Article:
Someone says that none of the actors will be here. Nuts. There goes my plan to befriend Emma Stone, who would probably be really funny and have great outfits I could borrow. Or, I guess, Shailene Woodley. I’d refrain from asking her about working with Clooney in The Descendants, but probably couldn’t help myself from mentioning how she starred in an American Girl movie. Clooney may be one of the most beautiful men alive, but Felicity Merriman is a childhood dream realized.
I get off the bus on the most crowded bridge ever, because that’s where all the buses are being re-routed to. Nobody fell asleep on me today, so that’s nice.
At lunch, I decide I want iced coffee, opting for the better coffee place that’s a 15-minute walk away, instead of the one around the corner. It’s 75 degrees out, so I want to sneak in a walk. So does Rochester, apparently. Like, the whole city. It’s a madhouse.
There is nowhere I can turn without running into a barricade. It’s like Les Miserables without all the majesty and grandeur. At one point, I see a cement mixer for a fake company driving on the set. Or, maybe it was a dump truck. Keep your eyes out for that one, film buffs!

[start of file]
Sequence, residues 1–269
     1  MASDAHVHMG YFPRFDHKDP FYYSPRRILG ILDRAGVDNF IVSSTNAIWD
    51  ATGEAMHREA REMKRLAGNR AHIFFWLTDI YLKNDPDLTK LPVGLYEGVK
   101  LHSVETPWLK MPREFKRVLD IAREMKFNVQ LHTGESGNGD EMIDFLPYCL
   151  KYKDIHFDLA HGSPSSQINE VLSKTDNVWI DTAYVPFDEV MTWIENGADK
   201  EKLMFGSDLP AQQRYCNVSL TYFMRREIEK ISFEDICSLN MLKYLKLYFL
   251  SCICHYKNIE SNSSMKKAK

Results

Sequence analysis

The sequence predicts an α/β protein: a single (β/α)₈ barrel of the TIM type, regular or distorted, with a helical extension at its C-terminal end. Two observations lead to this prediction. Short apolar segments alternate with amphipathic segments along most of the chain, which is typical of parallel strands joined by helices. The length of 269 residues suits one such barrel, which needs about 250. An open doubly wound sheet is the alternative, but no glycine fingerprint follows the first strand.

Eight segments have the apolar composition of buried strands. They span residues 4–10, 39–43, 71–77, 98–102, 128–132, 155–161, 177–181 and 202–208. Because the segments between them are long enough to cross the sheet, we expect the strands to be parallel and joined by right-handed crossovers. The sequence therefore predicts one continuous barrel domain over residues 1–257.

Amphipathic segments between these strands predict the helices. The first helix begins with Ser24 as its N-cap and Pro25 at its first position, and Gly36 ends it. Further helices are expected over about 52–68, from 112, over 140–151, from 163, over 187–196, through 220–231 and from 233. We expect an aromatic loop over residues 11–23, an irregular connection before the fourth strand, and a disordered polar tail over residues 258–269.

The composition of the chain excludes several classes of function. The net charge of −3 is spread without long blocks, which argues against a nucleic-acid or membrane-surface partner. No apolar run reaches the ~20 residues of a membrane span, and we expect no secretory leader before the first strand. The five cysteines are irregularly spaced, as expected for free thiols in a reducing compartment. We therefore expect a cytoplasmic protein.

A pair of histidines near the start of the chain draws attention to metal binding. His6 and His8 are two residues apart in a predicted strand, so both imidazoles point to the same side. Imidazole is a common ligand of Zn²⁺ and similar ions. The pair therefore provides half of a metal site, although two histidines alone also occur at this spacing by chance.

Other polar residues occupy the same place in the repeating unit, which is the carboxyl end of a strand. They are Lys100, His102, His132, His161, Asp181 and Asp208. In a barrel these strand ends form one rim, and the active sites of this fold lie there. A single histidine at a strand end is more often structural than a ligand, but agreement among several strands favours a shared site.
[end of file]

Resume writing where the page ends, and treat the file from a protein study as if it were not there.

After a half hour of walking, I realize that between the film blockades and construction work, there is literally no way to get to the coffee place. I walk back to work, and it takes about 5 minutes just to get down the crowded bridge. I swear it is tilting under the weight of all of the people and buses. Spider-Man, save us! Ohmygodwe’reallgoingtodiehereonthisbridge.*
Did you notice how I styled it Spider-Man, with the hyphen? Pretty good, right? Yeah, I don’t read comics, no matter how adorable Seth Cohen made it look.
A woman sidles into a morning meeting 20 minutes late, looking a little worse for the wear. “Spider-Man,” she offers by way of explanation. Dammit, Spider-man.